Paul C. Parks, a recent member of the state Environmental Regulation Commission and a key figure in Everglades and Lake Okeechobee issues at the Capitol, died Wednesday at his home in Wakulla County. He was 75.
Gov. Charlie Crist appointed Parks to ERC in 2008 but Parks stepped down after discovering he had cancer, said Manley Fuller, president of the Florida Wildlife Federation.
Parks, who joined the Florida Department of Environmental Protection as chief chemist in 1973, pointed out the worsening problems of water quality in Lake Okeechobee. He played a key role as an expert in the federal government lawsuit filed in the 1990s against the state over Everglades water quality, Fuller said.
In 1977, Parks became head of law enforcement at DEP, which was the Department of Environmental Regulation at the time, according to the Florida Wildlife Federation. In 1985, he became director of research and information at the Florida Defenders of the Environment, helping the state develop rules dealing with dairy industry water quality.
In 1988, he worked as the Florida Wildlife Federation’s Everglades specialist and lobbied the Legislature during the 1990s, Fuller said. In August, he was inducted into the group’s Hall of Fame.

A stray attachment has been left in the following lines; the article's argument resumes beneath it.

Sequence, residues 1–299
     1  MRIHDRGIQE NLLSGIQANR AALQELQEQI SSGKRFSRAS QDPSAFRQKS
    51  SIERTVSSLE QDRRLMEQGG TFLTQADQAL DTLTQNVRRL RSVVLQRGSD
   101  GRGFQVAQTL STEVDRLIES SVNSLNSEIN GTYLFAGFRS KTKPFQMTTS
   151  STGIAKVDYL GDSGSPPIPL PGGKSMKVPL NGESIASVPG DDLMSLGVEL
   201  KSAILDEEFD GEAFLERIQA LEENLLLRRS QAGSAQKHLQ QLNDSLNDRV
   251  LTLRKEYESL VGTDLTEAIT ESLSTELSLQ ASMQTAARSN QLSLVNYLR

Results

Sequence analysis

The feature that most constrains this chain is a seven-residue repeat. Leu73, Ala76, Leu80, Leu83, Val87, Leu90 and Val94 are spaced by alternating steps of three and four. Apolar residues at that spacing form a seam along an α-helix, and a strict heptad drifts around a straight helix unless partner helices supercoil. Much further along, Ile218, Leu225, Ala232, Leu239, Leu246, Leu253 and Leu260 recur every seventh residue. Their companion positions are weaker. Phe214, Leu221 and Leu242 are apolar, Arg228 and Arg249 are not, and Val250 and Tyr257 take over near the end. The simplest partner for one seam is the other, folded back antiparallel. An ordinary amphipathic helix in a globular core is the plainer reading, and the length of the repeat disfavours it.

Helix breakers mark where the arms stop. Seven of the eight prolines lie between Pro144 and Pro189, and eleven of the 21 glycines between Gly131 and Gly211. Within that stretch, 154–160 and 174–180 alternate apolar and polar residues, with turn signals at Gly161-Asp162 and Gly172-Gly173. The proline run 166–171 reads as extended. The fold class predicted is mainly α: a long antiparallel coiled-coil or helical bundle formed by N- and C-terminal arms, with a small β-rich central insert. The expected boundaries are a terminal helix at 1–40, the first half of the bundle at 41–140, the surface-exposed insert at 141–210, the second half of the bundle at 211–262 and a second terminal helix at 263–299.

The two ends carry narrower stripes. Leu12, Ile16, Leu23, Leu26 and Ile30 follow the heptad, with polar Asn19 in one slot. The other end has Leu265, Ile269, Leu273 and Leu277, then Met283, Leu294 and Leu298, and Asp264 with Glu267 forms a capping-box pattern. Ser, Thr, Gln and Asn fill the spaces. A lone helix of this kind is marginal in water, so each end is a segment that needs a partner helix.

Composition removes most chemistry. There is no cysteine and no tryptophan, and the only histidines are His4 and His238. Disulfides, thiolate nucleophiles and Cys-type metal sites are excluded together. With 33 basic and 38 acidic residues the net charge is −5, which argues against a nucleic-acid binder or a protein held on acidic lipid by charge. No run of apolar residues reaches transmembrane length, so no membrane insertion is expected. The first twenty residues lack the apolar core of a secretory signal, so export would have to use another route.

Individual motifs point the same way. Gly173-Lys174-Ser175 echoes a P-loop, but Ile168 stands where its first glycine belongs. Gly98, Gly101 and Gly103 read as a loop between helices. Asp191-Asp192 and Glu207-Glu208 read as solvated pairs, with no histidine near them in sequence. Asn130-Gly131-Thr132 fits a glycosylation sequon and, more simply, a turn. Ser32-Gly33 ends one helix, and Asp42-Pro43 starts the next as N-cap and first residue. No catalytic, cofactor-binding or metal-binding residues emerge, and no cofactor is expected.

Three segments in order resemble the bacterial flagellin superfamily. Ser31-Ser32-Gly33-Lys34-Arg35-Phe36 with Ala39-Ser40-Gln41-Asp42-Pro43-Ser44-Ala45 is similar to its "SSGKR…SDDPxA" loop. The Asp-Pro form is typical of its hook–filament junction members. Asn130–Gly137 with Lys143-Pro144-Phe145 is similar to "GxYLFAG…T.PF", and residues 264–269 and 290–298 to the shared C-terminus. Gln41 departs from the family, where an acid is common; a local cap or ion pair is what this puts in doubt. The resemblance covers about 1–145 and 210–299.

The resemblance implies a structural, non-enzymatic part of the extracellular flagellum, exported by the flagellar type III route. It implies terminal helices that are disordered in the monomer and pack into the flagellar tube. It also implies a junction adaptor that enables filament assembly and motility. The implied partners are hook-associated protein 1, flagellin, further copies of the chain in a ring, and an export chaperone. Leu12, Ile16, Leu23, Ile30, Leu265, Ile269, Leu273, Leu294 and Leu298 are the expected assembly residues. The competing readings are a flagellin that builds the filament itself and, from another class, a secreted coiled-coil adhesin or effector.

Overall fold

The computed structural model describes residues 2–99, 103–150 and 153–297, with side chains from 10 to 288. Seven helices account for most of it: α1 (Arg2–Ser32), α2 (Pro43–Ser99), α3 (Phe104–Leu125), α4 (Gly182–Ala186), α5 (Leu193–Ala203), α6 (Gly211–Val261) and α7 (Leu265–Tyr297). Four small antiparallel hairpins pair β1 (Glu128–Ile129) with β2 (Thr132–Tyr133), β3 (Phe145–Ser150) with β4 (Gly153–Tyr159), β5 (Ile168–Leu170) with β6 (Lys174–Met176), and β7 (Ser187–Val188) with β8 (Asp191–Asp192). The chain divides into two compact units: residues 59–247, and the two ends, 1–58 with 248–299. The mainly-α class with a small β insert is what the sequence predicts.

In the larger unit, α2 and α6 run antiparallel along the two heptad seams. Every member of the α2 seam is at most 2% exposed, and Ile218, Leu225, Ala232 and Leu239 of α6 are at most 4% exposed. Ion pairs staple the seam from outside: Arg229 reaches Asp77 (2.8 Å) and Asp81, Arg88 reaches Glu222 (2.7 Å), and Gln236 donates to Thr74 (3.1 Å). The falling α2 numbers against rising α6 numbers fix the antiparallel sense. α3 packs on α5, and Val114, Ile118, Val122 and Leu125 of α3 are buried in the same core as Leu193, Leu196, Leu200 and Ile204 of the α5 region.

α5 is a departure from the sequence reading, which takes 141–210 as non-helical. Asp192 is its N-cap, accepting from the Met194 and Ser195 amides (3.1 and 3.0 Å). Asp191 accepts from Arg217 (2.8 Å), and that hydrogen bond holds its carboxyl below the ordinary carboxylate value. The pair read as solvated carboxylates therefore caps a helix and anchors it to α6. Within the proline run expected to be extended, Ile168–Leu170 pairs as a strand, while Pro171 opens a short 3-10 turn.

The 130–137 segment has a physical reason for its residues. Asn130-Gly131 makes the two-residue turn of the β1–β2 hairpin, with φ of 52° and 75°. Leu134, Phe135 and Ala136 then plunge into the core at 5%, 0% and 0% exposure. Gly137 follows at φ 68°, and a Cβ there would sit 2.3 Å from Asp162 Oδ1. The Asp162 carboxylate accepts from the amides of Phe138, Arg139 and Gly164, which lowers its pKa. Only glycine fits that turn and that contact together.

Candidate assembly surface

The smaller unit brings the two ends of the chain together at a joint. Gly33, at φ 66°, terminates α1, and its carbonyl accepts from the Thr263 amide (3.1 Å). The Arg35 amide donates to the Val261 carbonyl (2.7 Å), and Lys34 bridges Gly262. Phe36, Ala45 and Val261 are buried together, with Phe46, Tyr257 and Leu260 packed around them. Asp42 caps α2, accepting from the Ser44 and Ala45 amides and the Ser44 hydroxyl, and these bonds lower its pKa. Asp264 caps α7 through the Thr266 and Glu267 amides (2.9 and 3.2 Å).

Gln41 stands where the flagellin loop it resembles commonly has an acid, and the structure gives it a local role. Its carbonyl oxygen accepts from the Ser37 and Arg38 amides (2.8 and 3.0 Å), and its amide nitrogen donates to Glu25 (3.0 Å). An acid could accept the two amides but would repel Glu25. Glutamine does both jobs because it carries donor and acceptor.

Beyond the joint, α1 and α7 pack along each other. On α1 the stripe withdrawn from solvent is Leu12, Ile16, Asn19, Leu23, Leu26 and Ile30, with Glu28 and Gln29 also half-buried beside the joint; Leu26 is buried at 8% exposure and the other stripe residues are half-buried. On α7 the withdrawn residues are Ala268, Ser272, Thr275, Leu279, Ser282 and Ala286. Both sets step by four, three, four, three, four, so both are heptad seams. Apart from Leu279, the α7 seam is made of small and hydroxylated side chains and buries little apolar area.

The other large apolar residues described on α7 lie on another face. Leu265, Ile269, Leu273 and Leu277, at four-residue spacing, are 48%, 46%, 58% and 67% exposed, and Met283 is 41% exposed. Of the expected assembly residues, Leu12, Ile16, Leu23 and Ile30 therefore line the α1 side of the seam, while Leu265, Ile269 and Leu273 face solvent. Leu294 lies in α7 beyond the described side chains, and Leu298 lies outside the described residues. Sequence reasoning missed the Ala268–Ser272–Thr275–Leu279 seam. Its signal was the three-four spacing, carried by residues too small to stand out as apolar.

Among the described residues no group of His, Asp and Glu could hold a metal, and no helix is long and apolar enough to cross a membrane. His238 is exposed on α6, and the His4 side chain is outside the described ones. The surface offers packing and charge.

Crist expressed his condolences to the family in a statement on Wednesday saying that Parks used “science-based rationale” to protect natural resources and provided “thoughtful insight” while serving on the ERC.
“In the 1970s, Dr. Parks played a leading role in setting clean-water standards during the infancy of Florida’s environmental protection efforts,” Crist said. “Later, he became an environmental advocate, always relying on good science to advance ecosystem protection and restoration, particularly concerning the Kissimmee River, Lake Okeechobee and the Everglades.
“His pioneering efforts will benefit Florida’s natural resources for generations to come.”
Fuller described Parks as a close friend and said “he was a valuable assistant to me on technical matters — not just to me and the Florida Wildlife Federation but with a lot of organizations.”
(Photo courtesy of Rebecca Follman. Story provided by the Florida Tribune. Story copyrighted by Bruce Ritchie and FloridaEnvironments.com. Do not copy or redistribute without permission, which can be obtained by contacting email@example.com.)